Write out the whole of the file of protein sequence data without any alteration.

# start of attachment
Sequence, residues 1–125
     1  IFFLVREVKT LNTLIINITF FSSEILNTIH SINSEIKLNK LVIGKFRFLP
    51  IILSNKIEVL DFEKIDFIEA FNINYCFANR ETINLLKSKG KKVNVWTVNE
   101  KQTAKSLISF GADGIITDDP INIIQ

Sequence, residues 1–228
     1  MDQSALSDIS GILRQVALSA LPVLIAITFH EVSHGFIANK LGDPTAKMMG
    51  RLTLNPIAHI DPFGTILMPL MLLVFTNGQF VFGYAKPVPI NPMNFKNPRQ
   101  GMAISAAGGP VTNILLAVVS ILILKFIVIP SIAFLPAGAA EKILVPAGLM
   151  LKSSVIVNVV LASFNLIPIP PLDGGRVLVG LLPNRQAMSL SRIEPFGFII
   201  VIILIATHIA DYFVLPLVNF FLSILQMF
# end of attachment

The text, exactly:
Sequence, residues 1–125
     1  IFFLVREVKT LNTLIINITF FSSEILNTIH SINSEIKLNK LVIGKFRFLP
    51  IILSNKIEVL DFEKIDFIEA FNINYCFANR ETINLLKSKG KKVNVWTVNE
   101  KQTAKSLISF GADGIITDDP INIIQ

Sequence, residues 1–228
     1  MDQSALSDIS GILRQVALSA LPVLIAITFH EVSHGFIANK LGDPTAKMMG
    51  RLTLNPIAHI DPFGTILMPL MLLVFTNGQF VFGYAKPVPI NPMNFKNPRQ
   101  GMAISAAGGP VTNILLAVVS ILILKFIVIP SIAFLPAGAA EKILVPAGLM
   151  LKSSVIVNVV LASFNLIPIP PLDGGRVLVG LLPNRQAMSL SRIEPFGFII
   201  VIILIATHIA DYFVLPLVNF FLSILQMF